This pile of tires seen from the Scipio Rest Stop is a prime mosquito breeding area. I wonder if West Nile is here yet?The key to the rest stop system is that that rest stops are non-commercial. The stops allow people to conduct the necessary, non-commerical activities of travel (a rest break) in a relatively calm, pleasant environment. It is important that these stops have limited commercial activities. First, you can't really rest in a commercial environment. More importantly, state sponsored facilities should not be competing for revenue that would otherwise go to the large number of businesses that feed off interstate traffic.

The Scipio experiment of declaring one of the convenience stores in town an official Utah State sponsored Rest Stop has had two negative effects: The stop does not provide adequate facilities for drivers a break. People who stop at the convenience store and get another cup of coffee rather than taking a nap are still a danger on the road.

The second big negative of a state sanctioned convenience stores is that state sanctioning gives one convenience store an unfair competitive advantage over other stores. After visiting the state sanctioned convenience store, I decided to drive across the freeway and look at the non-state-sanctioned stores. It had no business and would most likely fail as a direct result of the actions of the Utah Department of Transportation.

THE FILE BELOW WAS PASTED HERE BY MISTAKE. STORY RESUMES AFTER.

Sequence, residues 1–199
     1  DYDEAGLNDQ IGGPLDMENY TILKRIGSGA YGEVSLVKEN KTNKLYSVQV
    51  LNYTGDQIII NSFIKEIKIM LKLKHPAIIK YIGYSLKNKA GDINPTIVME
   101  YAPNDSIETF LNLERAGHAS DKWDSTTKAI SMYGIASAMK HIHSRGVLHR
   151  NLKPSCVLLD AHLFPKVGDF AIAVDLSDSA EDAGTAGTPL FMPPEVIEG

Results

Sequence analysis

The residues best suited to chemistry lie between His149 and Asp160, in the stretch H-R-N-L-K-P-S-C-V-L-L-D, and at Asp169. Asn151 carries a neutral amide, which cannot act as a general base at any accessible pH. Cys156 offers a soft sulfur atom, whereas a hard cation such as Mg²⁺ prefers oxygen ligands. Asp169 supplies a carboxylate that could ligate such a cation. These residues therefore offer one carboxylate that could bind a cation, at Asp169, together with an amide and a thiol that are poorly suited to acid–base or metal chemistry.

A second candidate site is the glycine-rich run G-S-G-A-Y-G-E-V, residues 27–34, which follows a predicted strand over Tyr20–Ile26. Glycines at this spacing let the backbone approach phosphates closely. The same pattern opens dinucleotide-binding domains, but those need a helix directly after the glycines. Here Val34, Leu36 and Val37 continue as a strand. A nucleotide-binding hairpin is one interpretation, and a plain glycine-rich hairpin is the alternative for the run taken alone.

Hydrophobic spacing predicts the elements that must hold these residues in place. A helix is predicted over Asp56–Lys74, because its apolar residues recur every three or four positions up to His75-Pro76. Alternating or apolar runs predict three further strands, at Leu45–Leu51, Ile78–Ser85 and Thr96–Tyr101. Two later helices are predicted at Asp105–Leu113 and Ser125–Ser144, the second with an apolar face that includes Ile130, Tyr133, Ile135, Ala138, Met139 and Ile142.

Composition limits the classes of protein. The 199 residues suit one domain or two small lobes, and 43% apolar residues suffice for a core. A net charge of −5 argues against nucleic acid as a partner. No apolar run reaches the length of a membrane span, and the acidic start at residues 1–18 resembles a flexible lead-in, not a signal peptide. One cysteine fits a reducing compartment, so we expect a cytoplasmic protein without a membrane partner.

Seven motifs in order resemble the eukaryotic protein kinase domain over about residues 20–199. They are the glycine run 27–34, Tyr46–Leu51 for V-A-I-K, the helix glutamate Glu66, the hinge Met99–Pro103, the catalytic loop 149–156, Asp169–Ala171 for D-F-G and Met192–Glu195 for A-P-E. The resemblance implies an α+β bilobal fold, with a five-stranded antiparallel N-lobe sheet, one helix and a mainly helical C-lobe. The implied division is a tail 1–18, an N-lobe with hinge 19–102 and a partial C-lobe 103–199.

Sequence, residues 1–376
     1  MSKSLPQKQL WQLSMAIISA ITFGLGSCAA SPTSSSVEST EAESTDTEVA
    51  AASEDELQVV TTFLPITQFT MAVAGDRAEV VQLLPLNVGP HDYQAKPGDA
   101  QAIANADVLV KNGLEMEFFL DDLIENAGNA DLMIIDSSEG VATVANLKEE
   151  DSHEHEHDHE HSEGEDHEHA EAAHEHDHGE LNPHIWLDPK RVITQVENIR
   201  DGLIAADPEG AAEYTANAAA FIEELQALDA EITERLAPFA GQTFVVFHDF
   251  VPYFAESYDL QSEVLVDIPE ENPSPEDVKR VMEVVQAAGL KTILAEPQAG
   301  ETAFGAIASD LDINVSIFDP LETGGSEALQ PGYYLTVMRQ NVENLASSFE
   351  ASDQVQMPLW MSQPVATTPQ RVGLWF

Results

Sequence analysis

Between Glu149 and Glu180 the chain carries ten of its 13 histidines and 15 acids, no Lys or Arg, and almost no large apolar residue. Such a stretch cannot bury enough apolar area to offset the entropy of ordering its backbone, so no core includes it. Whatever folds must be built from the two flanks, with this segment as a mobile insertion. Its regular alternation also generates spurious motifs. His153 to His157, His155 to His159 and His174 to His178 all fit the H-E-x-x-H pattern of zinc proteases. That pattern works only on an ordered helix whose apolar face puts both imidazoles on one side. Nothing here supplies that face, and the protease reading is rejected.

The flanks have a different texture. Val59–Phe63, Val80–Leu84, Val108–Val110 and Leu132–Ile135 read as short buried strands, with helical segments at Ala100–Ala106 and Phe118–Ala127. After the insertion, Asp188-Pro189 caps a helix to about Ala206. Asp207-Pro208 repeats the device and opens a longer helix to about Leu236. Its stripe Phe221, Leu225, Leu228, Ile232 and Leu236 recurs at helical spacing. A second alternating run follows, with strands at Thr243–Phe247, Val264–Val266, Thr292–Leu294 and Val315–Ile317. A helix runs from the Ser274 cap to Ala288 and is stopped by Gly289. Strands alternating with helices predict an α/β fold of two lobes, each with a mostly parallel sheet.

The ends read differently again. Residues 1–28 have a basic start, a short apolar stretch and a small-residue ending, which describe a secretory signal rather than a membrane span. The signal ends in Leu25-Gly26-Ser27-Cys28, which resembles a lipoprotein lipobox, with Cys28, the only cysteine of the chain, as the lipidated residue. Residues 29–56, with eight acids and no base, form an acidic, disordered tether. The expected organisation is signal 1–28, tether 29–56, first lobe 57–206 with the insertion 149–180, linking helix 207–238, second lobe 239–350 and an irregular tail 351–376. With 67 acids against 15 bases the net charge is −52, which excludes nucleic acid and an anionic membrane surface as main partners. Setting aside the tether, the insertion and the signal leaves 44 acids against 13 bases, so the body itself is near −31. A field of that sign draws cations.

Anyone who reads this blog knows that I am a fan of the free market. Utah State's effort to give one convenience store in town official state scantion as a "rest stop" is not free market. The effort destroys competition.

During my trip, the gas prices at this Utah-state-sponsored and preferred convenience store were 14 cents a gallon higher than the gas prices in the towns north and south of Scipio. News reports often site Scipio as having high gas prices.

If this is generally the case, then travelers who are duped by the "Rest Stop" signs on I15 near Scipio and who decide to buy gas at the officially Utah sanctioned convenience store are being ripped off!!!!!!!

FYI: I did some research. Apparently this Public/Private rest stop initiative was set up in 2003. It is possible that Scipio has plans for more than just an unsheltered green table for their public/private rest stop initiative ... though I doubt it. There is a nice public park about a mile off the freeway in Scipio.

In conclusion, if anyone is traveling on I15, I suggest filling up in either Fillmore or Nephi and avoiding Scipio.

Wednesday, October 11, 2006

Alpine Loop

I've been having a large number of technical difficulties of late. It seems that service at companies and the quality of products sold in stores has deteriorated in the last several years. There is no need to gripe about the things that are taking up all of my time.

Little Mill Group CampgroundLast week I took a drive along the Alpine Loop to grab some shots of fall folliage. The was a storm before the day I took the pictures (my car was in the shop.) The fact that I took the shots after a storm meant that both the trees and the ground was covered with leaves. I have a small boat load of other pictures to upload which I hope to do so in the upcoming weeks. (technical difficulties permitting).